Something about Gram that was rather uncharming was her firm belief that her genetic strain was far superior to most others'. This became obvious when Gram would get irritated at us for fairly little things. Keep in mind that when I went to live with Gram I was nine years old and Liz was fifteen. After I had been there for a few years, I heard her get disgusted over the fingerprints we left behind on various surfaces.
I am convinced to this day that the reason we left more fingerprints on these various surfaces than she did was fairly simple. We were at the age when our faces were churning out more oil because, well, they do at that age. We would unknowingly touch our oily skin and then touch something else, leaving evidence of our presence behind. Gram was in her sixties by then, and her face didn't leave oil on her fingertips when she leaned her head on her hand, for example. But that was definitely not the way that Gram saw the situation.
She would stop in her tracks and comment about all of the fingerprints Liz and I left behind. "You and your sister always leave so many fingerprints behind. It's because you're from a lower class of people so your fingers are more greasy." Obviously, she thought that her Irish-English heritage was genetically far superior to our Hungarian stock. When I was a University student taking an Irish History course, I was excited to find out about Gram's high-class background. When I asked Professor Ring about the areas that Gram's ancestors had come from, he frowned and shook his head slightly. He told me that the areas her forebears came from were not the superior areas she seemed to think that they were. In fact, he referred to them as being lower-class areas. Of course, this lower-class Hungarian never told her that her area of origin was no better than mine. Why should I pay back her insults with more insults? If thinking that she had descended from superior stock made her happy, I wasn't going to burst her gossamer bubble.
While the repeated fingerprint comments were just annoying and misguided, there were other insults that still make me angry to this day. Any young person may have a tendency from time to time to be messy or to do things that irritate the daylights out of their caregivers. It's something that they're very good at. The fact that children survive adolescence at all is a testament to the forgiving and forgetting nature of adults everywhere.
When Gram got irritated at us for being messy or having those teenager moments it meant something very specific to her, however. She would go on for a minute or two about how we hadn't put away our clothes or folded our bath towels or left a dirty dish in the sink. Then the judgement would be delivered, "It just goes to show you that you can take the girl out of the slum, but you can't take the slum out of the girl." She had decided that because we had lived in Chicago that we were living in poverty and filth. No, our family didn't have much money, but we lived in a duplex in a decent neighborhood. I don't remember the house ever being messy or dirty. Mama was always doing laundry or cooking or cleaning.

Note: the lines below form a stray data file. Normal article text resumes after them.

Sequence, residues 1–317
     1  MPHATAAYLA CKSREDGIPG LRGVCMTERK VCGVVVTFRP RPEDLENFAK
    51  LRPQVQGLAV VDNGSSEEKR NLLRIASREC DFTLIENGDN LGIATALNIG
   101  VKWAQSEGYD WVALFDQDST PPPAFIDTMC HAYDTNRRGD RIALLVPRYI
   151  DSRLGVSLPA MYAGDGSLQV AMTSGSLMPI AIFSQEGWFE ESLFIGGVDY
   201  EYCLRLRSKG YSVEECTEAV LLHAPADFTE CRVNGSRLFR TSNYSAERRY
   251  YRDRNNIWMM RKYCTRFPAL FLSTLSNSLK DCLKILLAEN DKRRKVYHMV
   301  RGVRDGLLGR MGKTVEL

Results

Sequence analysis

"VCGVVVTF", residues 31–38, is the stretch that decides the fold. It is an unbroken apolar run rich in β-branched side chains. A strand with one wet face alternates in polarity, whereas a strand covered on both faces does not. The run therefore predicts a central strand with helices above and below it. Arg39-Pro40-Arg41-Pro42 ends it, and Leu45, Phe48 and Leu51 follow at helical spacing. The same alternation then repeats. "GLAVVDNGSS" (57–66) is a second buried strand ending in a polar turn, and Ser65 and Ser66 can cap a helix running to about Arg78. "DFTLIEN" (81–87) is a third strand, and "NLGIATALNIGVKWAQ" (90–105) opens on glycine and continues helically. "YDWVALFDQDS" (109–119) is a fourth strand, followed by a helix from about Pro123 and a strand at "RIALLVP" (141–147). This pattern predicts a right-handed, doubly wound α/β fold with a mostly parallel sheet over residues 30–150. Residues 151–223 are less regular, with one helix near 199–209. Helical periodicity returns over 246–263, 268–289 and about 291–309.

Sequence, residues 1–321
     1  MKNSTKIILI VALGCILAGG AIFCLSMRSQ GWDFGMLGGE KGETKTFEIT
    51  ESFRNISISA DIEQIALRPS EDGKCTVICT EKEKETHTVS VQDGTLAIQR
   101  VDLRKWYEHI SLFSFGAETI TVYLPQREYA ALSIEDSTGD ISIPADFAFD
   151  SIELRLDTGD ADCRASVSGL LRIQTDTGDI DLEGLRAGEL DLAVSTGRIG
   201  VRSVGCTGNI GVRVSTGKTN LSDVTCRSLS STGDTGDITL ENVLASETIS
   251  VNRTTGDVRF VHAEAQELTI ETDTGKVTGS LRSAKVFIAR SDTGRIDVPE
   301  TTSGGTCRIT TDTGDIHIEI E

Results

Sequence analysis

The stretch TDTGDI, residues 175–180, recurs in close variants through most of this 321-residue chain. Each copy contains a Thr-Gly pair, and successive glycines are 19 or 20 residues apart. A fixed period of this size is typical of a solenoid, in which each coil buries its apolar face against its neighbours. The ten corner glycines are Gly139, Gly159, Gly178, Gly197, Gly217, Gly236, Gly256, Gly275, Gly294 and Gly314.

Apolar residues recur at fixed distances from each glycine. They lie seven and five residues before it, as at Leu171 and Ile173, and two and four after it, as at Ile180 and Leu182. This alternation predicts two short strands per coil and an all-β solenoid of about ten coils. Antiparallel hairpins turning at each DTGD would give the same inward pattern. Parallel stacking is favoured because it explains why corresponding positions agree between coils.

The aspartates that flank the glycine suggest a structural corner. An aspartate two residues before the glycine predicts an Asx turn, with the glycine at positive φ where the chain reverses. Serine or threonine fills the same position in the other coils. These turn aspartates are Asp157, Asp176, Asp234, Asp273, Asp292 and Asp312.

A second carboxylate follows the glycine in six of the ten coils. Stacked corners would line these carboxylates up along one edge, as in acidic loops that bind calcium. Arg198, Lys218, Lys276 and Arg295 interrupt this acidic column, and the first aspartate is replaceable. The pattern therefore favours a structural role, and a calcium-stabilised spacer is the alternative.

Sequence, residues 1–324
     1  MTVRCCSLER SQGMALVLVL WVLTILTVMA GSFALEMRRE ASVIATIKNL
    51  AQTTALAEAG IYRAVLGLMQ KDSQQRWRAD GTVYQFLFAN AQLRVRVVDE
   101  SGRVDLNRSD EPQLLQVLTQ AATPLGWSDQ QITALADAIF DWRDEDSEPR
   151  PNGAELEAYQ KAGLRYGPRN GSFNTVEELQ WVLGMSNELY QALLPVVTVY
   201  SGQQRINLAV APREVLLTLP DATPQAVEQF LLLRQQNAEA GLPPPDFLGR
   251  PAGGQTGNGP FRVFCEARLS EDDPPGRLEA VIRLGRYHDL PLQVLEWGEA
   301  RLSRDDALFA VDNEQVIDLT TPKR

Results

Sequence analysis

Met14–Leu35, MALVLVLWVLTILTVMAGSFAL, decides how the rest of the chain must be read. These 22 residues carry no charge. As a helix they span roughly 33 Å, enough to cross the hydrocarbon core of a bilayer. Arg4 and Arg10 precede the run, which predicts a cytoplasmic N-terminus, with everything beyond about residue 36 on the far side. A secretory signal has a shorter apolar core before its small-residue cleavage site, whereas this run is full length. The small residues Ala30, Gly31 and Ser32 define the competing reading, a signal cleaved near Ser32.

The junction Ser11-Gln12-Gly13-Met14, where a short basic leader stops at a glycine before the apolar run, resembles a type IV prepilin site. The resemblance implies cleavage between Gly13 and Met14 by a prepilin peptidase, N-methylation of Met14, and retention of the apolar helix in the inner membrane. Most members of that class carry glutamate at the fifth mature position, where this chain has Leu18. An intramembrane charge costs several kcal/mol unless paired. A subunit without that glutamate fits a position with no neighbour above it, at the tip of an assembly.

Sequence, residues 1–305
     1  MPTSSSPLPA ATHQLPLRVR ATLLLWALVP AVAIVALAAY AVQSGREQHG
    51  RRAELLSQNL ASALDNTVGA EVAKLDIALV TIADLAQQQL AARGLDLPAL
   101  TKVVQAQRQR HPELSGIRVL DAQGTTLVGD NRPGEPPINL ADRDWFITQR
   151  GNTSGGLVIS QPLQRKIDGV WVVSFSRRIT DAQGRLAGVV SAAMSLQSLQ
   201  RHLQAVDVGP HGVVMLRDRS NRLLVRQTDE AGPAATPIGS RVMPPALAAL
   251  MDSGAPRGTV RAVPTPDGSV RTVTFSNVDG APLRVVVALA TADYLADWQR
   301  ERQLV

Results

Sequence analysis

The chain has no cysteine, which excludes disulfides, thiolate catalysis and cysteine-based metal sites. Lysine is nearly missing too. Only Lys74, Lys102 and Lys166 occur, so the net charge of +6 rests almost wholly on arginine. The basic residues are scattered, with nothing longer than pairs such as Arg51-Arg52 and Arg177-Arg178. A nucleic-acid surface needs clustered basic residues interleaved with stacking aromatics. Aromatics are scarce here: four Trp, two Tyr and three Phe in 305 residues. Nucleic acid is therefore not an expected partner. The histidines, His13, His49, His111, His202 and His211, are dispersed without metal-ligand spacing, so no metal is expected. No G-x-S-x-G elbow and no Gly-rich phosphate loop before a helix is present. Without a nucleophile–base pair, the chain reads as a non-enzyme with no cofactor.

The first time that I heard Gram make this comment, I wasn't fully aware of what it meant, but I knew that it meant that she thought we came from somewhere bad and inferior and that she thought that made us bad and inferior. I remember one time when she made the comment using her most disgusted and superior tone. Liz had had enough. "We are not from a slum. We lived in a house in a nice neighborhood!" I'm sure that Gram was surprised that Liz responded so vehemently to her proclamation of The Way Things Are.
I'll never know why Gram always considered herself to be so superior to us at the same time that she also loved us. Maybe she felt that we were inferior because of the terrible things our father did. Perhaps the teachings she grew up with, that those who experienced bad things deserved them, was stuck somewhere in the recesses of her mind. Whatever the cause, these moments and others like them were quite a contrast to her more tender and kind times. We are all a mix of ideas and emotions, and some are perhaps noble while others are not. If we're fortunate, those we leave behind will remember the noble moments the most. Although I sometimes recall the unkind words and beliefs, it's Gram's nobler moments that I remember the most. They are the ones that I cherish.
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